I had spent my last day in London visiting friends, taking pictures, and doing some last-minute shopping. Among other things, I had bought some presents: a shirt for my brother, a woolen blanket for my sister, and a battery-powered alarm clock for my father.
After traveling in a crowded bus and waiting in the noisy airport building, I was glad to be sitting in the plane at last. In a few minutes now we would be asked to fasten our seat belts and to stop smoking, and then we would soon be up in the sky on our fight to Berlin.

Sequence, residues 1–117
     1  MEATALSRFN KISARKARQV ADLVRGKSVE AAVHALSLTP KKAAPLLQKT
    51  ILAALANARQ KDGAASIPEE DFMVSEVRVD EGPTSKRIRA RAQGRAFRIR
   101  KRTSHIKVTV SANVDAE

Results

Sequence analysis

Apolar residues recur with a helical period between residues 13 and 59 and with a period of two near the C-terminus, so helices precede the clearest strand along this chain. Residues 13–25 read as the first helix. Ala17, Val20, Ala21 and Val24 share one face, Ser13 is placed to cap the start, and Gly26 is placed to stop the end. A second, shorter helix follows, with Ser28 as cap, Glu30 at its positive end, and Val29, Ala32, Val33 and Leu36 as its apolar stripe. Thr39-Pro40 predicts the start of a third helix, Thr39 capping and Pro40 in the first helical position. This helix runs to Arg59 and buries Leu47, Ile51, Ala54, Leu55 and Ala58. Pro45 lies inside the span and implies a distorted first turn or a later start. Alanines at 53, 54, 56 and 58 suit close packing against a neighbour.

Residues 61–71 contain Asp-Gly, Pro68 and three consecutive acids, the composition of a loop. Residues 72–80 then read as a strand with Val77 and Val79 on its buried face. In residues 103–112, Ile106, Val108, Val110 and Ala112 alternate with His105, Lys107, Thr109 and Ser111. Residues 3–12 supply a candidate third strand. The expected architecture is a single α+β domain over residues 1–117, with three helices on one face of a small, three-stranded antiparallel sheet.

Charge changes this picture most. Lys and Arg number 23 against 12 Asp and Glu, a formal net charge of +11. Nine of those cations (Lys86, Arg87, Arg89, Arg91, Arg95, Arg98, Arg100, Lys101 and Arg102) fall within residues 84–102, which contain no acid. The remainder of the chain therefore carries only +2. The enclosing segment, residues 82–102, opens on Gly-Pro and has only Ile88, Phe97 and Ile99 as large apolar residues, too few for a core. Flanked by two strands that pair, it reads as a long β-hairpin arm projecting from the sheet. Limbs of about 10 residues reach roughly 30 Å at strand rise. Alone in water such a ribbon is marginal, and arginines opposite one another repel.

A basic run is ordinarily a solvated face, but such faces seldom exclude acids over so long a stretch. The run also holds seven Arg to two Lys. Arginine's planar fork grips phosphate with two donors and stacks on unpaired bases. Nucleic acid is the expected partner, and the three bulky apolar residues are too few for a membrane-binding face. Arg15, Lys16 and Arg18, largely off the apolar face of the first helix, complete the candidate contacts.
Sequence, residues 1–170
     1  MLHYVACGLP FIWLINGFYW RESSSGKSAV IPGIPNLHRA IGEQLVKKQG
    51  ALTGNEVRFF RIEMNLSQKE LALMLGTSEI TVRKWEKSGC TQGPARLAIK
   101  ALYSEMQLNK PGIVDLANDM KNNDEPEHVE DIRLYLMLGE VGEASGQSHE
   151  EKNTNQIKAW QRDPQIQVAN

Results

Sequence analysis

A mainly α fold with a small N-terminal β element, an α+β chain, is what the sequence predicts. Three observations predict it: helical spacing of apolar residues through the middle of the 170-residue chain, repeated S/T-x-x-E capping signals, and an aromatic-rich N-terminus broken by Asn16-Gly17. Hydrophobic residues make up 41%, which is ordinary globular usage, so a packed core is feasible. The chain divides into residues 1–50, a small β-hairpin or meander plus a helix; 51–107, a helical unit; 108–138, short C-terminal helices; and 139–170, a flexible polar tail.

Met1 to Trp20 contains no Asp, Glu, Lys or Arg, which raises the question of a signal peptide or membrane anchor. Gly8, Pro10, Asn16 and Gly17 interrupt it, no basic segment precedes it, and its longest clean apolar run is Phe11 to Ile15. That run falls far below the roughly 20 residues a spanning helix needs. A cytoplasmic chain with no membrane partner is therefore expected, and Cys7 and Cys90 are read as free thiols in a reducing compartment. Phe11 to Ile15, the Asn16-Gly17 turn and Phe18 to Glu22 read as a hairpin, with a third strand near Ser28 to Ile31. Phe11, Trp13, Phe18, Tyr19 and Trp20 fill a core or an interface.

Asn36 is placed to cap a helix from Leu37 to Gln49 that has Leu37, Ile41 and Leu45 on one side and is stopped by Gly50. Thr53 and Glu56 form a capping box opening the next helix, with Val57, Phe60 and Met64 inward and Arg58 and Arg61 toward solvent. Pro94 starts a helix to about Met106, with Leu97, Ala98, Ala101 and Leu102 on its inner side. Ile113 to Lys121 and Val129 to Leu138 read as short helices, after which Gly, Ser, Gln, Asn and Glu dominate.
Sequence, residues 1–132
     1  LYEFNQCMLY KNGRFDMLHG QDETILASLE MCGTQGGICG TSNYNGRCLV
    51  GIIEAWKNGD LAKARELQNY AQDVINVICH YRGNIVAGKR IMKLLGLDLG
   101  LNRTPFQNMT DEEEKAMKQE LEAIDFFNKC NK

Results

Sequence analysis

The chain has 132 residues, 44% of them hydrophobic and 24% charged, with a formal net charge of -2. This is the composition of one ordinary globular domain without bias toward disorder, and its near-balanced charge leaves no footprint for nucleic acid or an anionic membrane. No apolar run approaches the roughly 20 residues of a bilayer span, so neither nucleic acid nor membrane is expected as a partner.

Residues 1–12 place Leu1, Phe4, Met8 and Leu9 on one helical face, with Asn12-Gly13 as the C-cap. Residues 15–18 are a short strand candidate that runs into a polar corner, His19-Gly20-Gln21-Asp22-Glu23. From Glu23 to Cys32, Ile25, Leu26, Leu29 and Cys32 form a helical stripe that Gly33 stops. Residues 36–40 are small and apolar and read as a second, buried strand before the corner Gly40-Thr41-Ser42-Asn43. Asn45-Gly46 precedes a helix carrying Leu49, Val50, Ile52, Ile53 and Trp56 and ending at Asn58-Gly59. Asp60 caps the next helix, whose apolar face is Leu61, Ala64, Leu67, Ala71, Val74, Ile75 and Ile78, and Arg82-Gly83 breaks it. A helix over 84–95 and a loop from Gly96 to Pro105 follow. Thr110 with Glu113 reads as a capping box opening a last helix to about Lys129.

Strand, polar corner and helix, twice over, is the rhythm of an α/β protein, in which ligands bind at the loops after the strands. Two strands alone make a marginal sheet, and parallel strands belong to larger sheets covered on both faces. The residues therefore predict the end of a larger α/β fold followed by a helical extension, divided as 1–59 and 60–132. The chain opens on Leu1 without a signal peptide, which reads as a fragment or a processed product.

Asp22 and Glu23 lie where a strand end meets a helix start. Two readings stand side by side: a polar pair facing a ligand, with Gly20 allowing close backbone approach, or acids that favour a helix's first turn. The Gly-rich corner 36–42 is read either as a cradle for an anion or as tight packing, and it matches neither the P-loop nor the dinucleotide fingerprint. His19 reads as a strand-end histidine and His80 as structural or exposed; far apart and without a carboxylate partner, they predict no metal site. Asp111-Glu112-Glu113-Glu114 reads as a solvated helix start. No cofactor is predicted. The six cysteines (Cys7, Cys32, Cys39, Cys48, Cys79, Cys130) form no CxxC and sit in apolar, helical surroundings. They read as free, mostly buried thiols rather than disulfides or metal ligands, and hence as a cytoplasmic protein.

But I had been mistaken. Ten minutes later, instead of enjoying the beauty of the evening sky from high above the clouds, I was sitting in a smoke-filled room with an airline official and a police officer at my side. On the table in front of me was one of my suitcases.
The officials were very polite. They asked me to show them my passport, my ticket, and my baggage check. Then I was requested to open the suitcase and to spread out its contents on the table.
I did as I was told. The moment I placed the alarm clock on the table, the two officials looked at each other and smiled.
Hearing the clock ticking away merrily, I suddenly understood. Someone must have heard the ticking noise coming from my suitcase and thought there was a time bomb hidden in it.